2) Fu, R., Y. Hu, J.S. Wright, J.H. Jiang, R.E. Dickinson, M. Chen, M. Filipiak, W.G. Read, J.W. Waters, and D.L. Wu, 2006: Short circuit of water vapor and polluted air to the global stratosphere by convective transport over the Tibetan Plateau. Proceedings of the National Academy of Sciences, 103, 5664-5669.
3) Newman, P.A., E.R. Nash, S.R. Kawa, S.A. Montzka, and S.M. Schauffler, 2006: When will the Antarctic ozone hole recover? Geophysical Research Letters, 33, doi:10.1029.2005GL025232.
4) WMO, 2007: Scientific Assessment of Ozone Depletion: 2006. Global Ozone Research and Monitoring Project–Report No. 50. World Meteorological Organization, Geneva, Switzerland, 572 pp.
5) Volkamer, R., J.L. Jimenez, F. San Martini, K. Dzepina, Q. Zhang, D. Salcedo, L.T. Molina, D.R. Worsnop, and M.J. Molina, 2006: Secondary organic aerosol formation from anthropogenic air pollution: Rapid and higher than expected. Geophysical Research Letters, 33, L17811, doi:10.1029/2006GL026899.
6) Quinn, P.K., T.S. Bates, D. Coffman, T.B. Onasch, D. Worsnop, P.D. Goldan, W.C. Kuster, T. Baynard, J.A. de Gouw, J.M. Roberts, B. Lerner, and A. Stohl, 2006: Impact of sources and aging on submicrometer aerosol properties in the marine boundary layer across the Gulf of Maine. Journal of Geophysical Research, 111, D23S36, doi: 10.1029/2006JD007582.
7) Gao, R.S., J.P. Schwartz, K.K. Kelly, D.W. Fahey, L.A. Watts, T.L. Thompson, J.R. Spackman, J.G. Slowik, E.S. Cross, J.-H. Han, P. Davidovits, T.B. Onasch, and D.R. Worsnop, 2007: A novel method for estimating light-scattering properties of soot aerosols using a modified single-particle soot photometer. Aerosol Science and Technology, 41, 125-135.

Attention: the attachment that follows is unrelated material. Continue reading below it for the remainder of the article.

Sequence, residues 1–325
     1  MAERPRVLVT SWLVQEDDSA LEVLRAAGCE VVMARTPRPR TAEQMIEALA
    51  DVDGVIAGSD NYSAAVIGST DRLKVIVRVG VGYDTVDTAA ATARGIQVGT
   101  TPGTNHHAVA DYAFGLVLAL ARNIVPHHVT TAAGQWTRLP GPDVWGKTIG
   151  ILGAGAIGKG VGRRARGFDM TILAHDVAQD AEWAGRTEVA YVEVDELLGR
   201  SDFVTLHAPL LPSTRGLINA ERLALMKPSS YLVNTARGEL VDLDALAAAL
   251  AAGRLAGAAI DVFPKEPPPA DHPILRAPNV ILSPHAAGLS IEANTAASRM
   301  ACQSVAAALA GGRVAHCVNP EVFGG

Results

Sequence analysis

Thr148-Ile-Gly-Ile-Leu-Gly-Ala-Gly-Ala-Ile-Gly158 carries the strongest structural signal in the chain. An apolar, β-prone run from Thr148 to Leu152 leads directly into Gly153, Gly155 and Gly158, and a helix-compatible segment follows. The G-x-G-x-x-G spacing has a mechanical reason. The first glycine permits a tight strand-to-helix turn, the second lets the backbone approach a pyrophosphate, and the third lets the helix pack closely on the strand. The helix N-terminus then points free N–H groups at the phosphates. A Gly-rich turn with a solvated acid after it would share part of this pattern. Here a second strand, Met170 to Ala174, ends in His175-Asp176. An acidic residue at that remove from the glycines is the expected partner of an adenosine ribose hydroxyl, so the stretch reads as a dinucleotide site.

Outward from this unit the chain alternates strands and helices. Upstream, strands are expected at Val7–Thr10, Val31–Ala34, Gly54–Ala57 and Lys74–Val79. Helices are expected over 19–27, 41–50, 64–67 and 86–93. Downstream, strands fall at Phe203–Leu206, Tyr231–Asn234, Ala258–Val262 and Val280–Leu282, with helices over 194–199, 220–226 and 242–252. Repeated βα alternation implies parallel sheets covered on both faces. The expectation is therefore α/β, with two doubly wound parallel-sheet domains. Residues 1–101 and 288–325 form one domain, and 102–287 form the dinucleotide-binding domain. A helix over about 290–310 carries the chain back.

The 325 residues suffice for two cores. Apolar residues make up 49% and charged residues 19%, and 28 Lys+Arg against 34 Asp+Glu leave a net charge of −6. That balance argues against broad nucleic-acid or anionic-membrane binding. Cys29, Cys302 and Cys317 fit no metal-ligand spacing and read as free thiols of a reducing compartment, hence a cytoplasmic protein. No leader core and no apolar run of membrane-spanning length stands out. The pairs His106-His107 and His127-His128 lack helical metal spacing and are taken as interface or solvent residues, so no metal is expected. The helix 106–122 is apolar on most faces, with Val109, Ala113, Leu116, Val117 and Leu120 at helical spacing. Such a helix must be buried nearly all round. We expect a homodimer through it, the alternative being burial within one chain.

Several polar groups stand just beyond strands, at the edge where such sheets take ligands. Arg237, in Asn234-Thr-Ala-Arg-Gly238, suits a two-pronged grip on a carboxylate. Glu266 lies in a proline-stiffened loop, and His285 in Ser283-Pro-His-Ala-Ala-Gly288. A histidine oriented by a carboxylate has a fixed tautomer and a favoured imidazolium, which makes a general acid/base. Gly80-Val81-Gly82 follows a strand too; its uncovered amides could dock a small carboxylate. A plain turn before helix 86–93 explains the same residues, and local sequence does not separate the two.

8) See esrl.noaa.gov/csd/2006.
9) Slingo, A., T.P. Ackerman, R.P. Allan, E.I. Kassianov, S.A. McFarlane, G.J. Robinson, J.C. Barnard, M.A. Miller, J.E. Harries, J.E. Russell, and S. Dewitte, 2006: Observations of the impact of a major Saharan dust storm on the Earth's radiation budget. Geophysical Research Letters, 33, L24817, doi:10.1029/2006GL027869.
10) Jiang, H. and G. Feingold, 2006: Effect of aerosol on warm convective clouds: Aerosol-cloud- surface flux feedbacks in a new coupled large eddy model. Journal of Geophysical Research, 111, doi:10.1029/2005JD006138.
11) Jiang, H., A. Xue, G. Teller, G. Feingold, and Z. Levin, 2006: Aerosol effects on lifetime of shallow cumulus. Geophysical Research Letters, 33, doi:10.1029/2006GL026024.
12) Wilcox, E.M., G. Roberts, and V. Ramanathan, 2006: Influence of aerosols on the shortwave cloud radiative forcing from North Pacific oceanic clouds: Results from the Cloud Indirect Forcing Experiment (CIFEX). Geophysical Research Letters, 33, L21804, doi:10.1029/2006GL027150.
13) Meskhidze, N. and A. Nenes, 2006: Phytoplankton and cloudiness in the Southern Ocean. Science, 314, 5804, doi:10.1126/science.1131779.